Financial performance reporting

Date recorded:

FASB Research — Cover Memo — Agenda paper 28

This was an educational session in which the FASB staff provided the Board with an update on the research it has performed in the FASB’s financial performance reporting (FPR) project. The FPR project was undertaken in response to stakeholders’ repeated requests for greater granularity of performance information to be disclosed in the financial statements. Accordingly, the FPR project focuses on finding ways to improve the following aspects:

  1. Disaggregation of performance information; and
  2. The structure of the income statement.

The Board was asked to comment on the FASB’s staff analysis. The Board was not asked to make any technical decisions.

Topic 1: FASB Research — Disaggregation of Performance Information — Agenda paper 28A

FASB’s staff analysis

The staff’s research findings indicated that the problem of over-aggregation seems to be concentrated in income statement line items presented by function. The staff proposed four alternatives in which more disaggregation could be achieved. These alternatives have been considered by the FASB and were included in the document Invitation to Comment: Agenda Consultation (ITC) published by the FASB in August 2016. On balance, the FASB prefers alternative 3 below.

Alt 1: To provide principles-based guidance on how to aggregate performance information

Under this alternative, the staff proposed to:

  1. describe the processes of aggregation and disaggregation when disclosing performance information;
  2. describe the two classes of lines (i.e. disaggregation by nature or by function) and the aggregation characteristics relevant to the performance statement; and
  3. discuss the order in which the aggregation characteristics should be applied.

The FASB noted that the proposals are too principles-based and not necessarily helpful for preparers and practitioners. They also noted that the discussion on disaggregation by nature or by function is similar to the proposals in alternative 3.

Alt 2: To standardise what is meant by ‘infrequent’ items

Under this alternative, the staff proposed to:

  1. redefine the frequency of occurrence of a transaction as being relative to the recognition of similar transactions over time, and that it is not simply characterised by whether a transaction happens often or rarely;
  2. lower the current threshold in US GAAP for identifying an item as infrequent to the level of ‘non-routine’ transactions; and
  3. require separate disclosure of infrequent items.

Although there was some support for this alternative, some FASB members observed that lowering the infrequency threshold would require management to exercise additional judgment which might add to the cost of financial reporting and aggravate disputes between auditors, preparers, and regulators. A few ITC respondents noted that no matter how the FASB redefines infrequency, outcomes will differ across entities.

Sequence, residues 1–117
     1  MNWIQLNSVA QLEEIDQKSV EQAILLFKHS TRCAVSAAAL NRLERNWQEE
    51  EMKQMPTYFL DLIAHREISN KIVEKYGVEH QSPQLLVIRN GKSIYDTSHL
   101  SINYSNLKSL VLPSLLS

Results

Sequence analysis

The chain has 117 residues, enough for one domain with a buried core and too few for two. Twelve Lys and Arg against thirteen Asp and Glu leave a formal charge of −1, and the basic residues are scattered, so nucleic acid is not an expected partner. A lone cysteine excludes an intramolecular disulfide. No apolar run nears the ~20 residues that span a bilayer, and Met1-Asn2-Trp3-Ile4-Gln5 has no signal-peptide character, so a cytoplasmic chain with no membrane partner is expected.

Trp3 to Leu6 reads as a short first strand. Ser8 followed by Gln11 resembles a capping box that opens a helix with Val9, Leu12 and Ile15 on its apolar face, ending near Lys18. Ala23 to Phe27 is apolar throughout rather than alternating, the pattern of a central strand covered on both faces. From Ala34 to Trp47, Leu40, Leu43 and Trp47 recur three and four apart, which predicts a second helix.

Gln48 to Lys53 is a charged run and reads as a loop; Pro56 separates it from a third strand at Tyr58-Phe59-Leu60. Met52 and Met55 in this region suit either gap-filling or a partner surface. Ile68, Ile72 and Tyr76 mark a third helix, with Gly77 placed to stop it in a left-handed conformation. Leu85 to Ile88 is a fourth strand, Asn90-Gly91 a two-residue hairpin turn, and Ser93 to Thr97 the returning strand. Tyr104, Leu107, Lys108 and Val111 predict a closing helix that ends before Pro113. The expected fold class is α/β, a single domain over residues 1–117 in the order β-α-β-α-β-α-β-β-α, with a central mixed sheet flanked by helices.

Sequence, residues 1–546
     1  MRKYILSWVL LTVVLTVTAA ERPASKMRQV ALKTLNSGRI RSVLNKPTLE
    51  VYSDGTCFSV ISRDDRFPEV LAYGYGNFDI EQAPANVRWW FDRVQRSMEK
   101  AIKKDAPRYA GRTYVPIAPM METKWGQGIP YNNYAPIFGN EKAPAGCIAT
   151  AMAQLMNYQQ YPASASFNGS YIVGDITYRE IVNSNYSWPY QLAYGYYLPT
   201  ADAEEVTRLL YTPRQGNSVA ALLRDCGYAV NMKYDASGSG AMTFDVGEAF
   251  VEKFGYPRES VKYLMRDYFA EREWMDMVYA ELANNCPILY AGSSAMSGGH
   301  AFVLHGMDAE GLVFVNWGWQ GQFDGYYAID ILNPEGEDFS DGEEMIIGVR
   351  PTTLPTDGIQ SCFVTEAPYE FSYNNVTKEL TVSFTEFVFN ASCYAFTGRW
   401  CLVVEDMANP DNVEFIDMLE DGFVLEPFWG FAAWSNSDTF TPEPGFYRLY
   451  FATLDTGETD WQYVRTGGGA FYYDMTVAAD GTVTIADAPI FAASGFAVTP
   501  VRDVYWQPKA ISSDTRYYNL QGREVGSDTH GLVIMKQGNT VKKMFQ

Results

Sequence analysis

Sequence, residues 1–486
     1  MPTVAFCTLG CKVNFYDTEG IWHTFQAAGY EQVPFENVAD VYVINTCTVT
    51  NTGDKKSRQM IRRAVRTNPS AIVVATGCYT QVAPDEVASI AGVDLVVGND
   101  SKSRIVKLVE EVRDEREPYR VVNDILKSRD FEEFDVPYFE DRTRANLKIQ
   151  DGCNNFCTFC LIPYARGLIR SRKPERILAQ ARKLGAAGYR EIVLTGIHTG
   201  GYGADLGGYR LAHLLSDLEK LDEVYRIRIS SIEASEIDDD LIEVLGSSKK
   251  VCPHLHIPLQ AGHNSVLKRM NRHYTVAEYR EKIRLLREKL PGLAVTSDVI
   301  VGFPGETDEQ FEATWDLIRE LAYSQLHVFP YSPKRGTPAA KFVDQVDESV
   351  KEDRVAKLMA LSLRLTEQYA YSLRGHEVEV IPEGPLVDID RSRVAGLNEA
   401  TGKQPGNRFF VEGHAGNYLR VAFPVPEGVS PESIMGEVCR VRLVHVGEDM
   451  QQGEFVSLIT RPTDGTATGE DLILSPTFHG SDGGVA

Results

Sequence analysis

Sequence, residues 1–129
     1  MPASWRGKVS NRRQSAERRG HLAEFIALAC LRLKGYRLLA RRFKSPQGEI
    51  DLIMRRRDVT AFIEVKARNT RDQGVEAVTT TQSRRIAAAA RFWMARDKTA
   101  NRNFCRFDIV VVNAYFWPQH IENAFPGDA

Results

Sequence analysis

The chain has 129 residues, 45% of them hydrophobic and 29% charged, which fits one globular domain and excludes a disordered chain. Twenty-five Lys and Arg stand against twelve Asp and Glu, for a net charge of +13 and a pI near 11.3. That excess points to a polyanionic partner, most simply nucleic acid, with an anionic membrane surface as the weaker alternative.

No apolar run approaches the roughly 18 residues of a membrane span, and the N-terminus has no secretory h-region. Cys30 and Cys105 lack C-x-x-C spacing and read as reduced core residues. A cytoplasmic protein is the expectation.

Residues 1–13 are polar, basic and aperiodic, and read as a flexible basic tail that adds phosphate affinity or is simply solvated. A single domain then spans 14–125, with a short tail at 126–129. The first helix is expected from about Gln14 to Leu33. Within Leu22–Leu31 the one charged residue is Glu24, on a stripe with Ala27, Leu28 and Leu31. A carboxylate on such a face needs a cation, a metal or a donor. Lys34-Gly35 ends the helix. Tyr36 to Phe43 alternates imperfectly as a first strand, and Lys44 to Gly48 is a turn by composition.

Alt 3 (preferred alternative): Disaggregating line items presented by function into components by nature

Under this alternative, the staff proposed to:

  1. clarify that items can be presented on the face of the income statement either by nature or by function;
  2. describe the characteristics (or traits) that items must share in order to be grouped by nature;
  3. describe a functional line as displaying the activity from which an item arises, e.g. cost of goods sold, selling expenses etc.
  4. require the disaggregation of a functional line into components by nature either on the face of the income statement or in the notes.

The FASB preferred this proposal above the others because they generally agreed that over-aggregation is concentrated in functional lines. Nonetheless, the FASB acknowledged that there will be challenges to develop this proposal further, particularly how to define a ‘functional’ or ‘natural’ line, and how to deal with costs that lose their identity. The latter could arise from recharges for inter-departmental services (e.g. department A incurs salary, rent and other costs to provide advertising services to department B, and charges B a lump sum for the advertising service. The costs incurred by A lose their nature through the recharge process), or from capitalising expenditures, such as labour costs that are capitalised into inventories which then gets expensed as cost of goods sold.

Alt 4: Requiring the disclosure of certain minimum information

This alternative was not explored further by the staff due to a lack of conceptual basis for requiring minimum information that could be meaningful to all entities. The FASB acknowledged the challenges encountered by the staff.

The FASB staff have also taken note of the IASB’s Primary Financial Statement (PFS) research project. They await the IASB’s further analysis on the following aspects of the project:

  • What characteristics will the IASB identify as a basis for aggregation? How will the IASB decide whether or not, and if so, how, to prioritize those characteristics for the purposes of aggregation and disaggregation?
  • How will the IASB approach requiring a ‘recurring operating profit’ subtotal in the income statement and defining the concept of infrequent amounts?